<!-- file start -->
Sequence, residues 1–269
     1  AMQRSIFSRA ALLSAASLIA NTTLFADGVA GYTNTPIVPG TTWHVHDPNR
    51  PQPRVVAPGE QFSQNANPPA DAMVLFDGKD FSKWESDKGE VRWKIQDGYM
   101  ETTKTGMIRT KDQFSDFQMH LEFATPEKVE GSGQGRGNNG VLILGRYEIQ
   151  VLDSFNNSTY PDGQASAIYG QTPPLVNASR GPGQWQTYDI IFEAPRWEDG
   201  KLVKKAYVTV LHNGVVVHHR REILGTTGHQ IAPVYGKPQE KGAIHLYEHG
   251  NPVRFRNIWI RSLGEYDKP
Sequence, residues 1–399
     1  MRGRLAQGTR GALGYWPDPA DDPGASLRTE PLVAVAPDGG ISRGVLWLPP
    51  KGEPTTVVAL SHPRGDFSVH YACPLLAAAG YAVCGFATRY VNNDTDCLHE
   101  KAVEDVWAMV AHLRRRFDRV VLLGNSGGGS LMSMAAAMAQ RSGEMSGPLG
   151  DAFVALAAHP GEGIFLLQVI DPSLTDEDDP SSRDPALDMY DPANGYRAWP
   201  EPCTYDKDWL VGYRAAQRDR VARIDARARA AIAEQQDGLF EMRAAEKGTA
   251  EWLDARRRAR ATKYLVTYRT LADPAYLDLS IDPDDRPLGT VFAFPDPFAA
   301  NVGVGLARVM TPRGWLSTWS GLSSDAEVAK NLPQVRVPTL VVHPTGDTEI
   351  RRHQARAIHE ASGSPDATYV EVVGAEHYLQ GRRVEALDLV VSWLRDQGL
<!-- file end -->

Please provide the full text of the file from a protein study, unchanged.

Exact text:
Sequence, residues 1–269
     1  AMQRSIFSRA ALLSAASLIA NTTLFADGVA GYTNTPIVPG TTWHVHDPNR
    51  PQPRVVAPGE QFSQNANPPA DAMVLFDGKD FSKWESDKGE VRWKIQDGYM
   101  ETTKTGMIRT KDQFSDFQMH LEFATPEKVE GSGQGRGNNG VLILGRYEIQ
   151  VLDSFNNSTY PDGQASAIYG QTPPLVNASR GPGQWQTYDI IFEAPRWEDG
   201  KLVKKAYVTV LHNGVVVHHR REILGTTGHQ IAPVYGKPQE KGAIHLYEHG
   251  NPVRFRNIWI RSLGEYDKP
Sequence, residues 1–399
     1  MRGRLAQGTR GALGYWPDPA DDPGASLRTE PLVAVAPDGG ISRGVLWLPP
    51  KGEPTTVVAL SHPRGDFSVH YACPLLAAAG YAVCGFATRY VNNDTDCLHE
   101  KAVEDVWAMV AHLRRRFDRV VLLGNSGGGS LMSMAAAMAQ RSGEMSGPLG
   151  DAFVALAAHP GEGIFLLQVI DPSLTDEDDP SSRDPALDMY DPANGYRAWP
   201  EPCTYDKDWL VGYRAAQRDR VARIDARARA AIAEQQDGLF EMRAAEKGTA
   251  EWLDARRRAR ATKYLVTYRT LADPAYLDLS IDPDDRPLGT VFAFPDPFAA
   301  NVGVGLARVM TPRGWLSTWS GLSSDAEVAK NLPQVRVPTL VVHPTGDTEI
   351  RRHQARAIHE ASGSPDATYV EVVGAEHYLQ GRRVEALDLV VSWLRDQGL